IAFF urges House lawmakers to approve federal fire service funding

May 17 • 2023

USFA's Dr. Lori Moore-Merrell and IAFF's Kevin O'Connor testify at hearing on future fire service funding.
USFA’s Dr. Lori Moore-Merrell and IAFF’s Kevin O’Connor testify at House hearing on fire service funding.

Fire service leaders took to Capitol Hill last week to urge Congress to approve federal funding for the U.S. Fire Administration (USFA) and essential fire grant programs that fire departments count on to keep their communities safe.

The IAFF, among other organizations, asked the U.S. House of Representatives to approve the reauthorization of funding for the USFA, and the Staffing for Adequate Fire and Emergency Response (SAFER) Grant and Assistance to Firefighters Grant (AFG) programs. Congress, as part of the annual budgeting process, must approve funding levels for the federal government’s investment in fire safety.

Funding for the SAFER and AFG programs is slated to sunset at the end of the fiscal year. The House Subcommittee on Research and Technology held a hearing on future funding of the USFA and its grant programs, where top fire service officials called on lawmakers to step up and fully invest in the nation’s public safety.

“Every fire fighter takes an oath to protect their communities to the best of their abilities, and we hold that oath sacred. We ask the U.S. Congress to have our backs and not make our jobs even more dangerous by failing to invest in the staffing, training, and equipment we need. Our safety rests in your hands,” Kevin O’Connor, Assistant to the General President For Governmental Affairs and Political Action, said at the hearing.

AFG grants provide critical funding for essential equipment, protective gear, emergency vehicles, training, and other resources to help fire fighters and other first responders protect the public and themselves from fire and related hazards.

Grants from the SAFER program are used to help local fire departments hire fire fighters to meet the staffing, response, and operational standards set by the National Fire Protection Association (NFPA).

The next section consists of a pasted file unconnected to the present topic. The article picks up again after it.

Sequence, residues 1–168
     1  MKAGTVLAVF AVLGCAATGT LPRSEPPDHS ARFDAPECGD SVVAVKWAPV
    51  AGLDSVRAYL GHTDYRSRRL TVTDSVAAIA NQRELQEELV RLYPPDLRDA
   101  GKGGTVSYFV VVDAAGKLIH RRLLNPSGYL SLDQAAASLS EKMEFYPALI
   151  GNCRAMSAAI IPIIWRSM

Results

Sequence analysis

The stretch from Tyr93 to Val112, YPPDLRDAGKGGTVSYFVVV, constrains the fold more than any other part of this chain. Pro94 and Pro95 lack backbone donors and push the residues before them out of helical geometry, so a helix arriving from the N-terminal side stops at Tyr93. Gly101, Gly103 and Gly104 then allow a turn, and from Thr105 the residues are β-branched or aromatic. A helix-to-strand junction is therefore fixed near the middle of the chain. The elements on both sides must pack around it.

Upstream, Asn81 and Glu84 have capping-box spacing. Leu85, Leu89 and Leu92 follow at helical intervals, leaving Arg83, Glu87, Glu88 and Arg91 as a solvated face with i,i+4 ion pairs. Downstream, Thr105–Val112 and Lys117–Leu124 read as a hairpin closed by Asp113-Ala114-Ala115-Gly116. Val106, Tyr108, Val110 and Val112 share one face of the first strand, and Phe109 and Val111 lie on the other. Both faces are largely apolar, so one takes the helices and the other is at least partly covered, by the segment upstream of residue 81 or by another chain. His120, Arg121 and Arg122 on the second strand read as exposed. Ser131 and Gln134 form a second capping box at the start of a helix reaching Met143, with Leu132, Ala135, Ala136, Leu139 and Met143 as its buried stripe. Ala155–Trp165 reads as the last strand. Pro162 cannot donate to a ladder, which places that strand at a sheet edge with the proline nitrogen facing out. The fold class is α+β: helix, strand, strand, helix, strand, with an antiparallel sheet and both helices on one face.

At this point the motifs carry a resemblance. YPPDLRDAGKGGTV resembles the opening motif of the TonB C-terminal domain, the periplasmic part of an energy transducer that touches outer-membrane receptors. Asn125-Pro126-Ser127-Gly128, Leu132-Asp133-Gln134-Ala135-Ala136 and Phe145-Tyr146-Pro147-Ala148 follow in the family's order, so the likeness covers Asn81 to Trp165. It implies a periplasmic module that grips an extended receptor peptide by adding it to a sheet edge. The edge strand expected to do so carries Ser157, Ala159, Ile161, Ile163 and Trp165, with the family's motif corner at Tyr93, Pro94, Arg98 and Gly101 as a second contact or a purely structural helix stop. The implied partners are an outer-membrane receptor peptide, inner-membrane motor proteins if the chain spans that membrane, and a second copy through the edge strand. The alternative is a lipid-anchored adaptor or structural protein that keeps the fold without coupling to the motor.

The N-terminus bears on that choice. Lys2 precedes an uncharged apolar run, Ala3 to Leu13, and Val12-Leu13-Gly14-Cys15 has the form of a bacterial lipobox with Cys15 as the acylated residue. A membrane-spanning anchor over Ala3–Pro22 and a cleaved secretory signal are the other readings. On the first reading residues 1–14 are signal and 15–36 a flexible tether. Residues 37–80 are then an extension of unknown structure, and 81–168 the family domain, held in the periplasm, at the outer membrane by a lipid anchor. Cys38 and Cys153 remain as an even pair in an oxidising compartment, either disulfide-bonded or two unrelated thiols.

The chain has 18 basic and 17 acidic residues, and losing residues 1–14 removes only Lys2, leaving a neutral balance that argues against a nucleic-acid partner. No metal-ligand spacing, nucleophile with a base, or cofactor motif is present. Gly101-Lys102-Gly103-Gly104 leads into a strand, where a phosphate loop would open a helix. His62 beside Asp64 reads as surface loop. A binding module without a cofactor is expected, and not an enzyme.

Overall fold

The International and its affiliates, working with supportive elected officials, have secured these grants to ensure that hundreds of fire departments across the nation stay safely staffed and properly equipped, even through economic downturns.

IAFF Assistant to the General President for Governmental Affairs and Political Action Kevin O’Connor testifies in front of the House Subcommittee on Research and Technology.

In April, the U.S. Senate overwhelmingly passed S. 870, the Fire Grants and Safety Act, with a vote of 95 to 2. The Senate bill would reauthorize AFG and SAFER programs through 2030, while also authorizing $95 million for the USFA, an increase of $20 million from current levels.

The IAFF also supports providing the USFA with an additional $12.5 million to ensure the successful completion of their data management and IT upgrades.

Congress has consistently ensured the reauthorization of the SAFER/AFG program and the USFA by never allowing these fire service programs to lapse, despite any haggling over funding levels.

“Supporting our fire fighters and first responders has never been more essential than it is today. During COVID lockdowns, fire fighters, and other frontline workers carried the weight of a nation in crisis. Emergency services never stopped during lockdowns thanks to the brave men and women who showed up every day to put their lives on the line,” said Rep. Mike Collins (R-GA), chairman of the House Subcommittee on Research and Technology.

Collins said the COVID-19 pandemic led thousands of fire fighters, both career and volunteer, to exit the service, leaving many fire departments understaffed with fewer new recruits signing up for training.

Dr. Lori Moore-Merrell, U.S. Fire Administrator, addressed the hearing to provide lawmakers with an update on federal efforts to bolster the USFA and meet emerging challenges in the fire service, such as recruitment and retention, preparing fire fighters to handle the climate-driven increase in fires within the Wildland Urban Interface, establishing a comprehensive fire fighter cancer registry, and providing behavioral health assistance and suicide prevention initiatives for fire fighters.

Dr. Moore-Merrell also discussed the USFA’s mission to enhance its ability to collect, analyze, and report data from emergency calls to help improve public safety. This effort consists of redesigning the National Fire Incident Reporting System (NFIRS) with a more modern, cloud-based data capture system, which will be referred to as the National Emergency Response Information System (NERIS).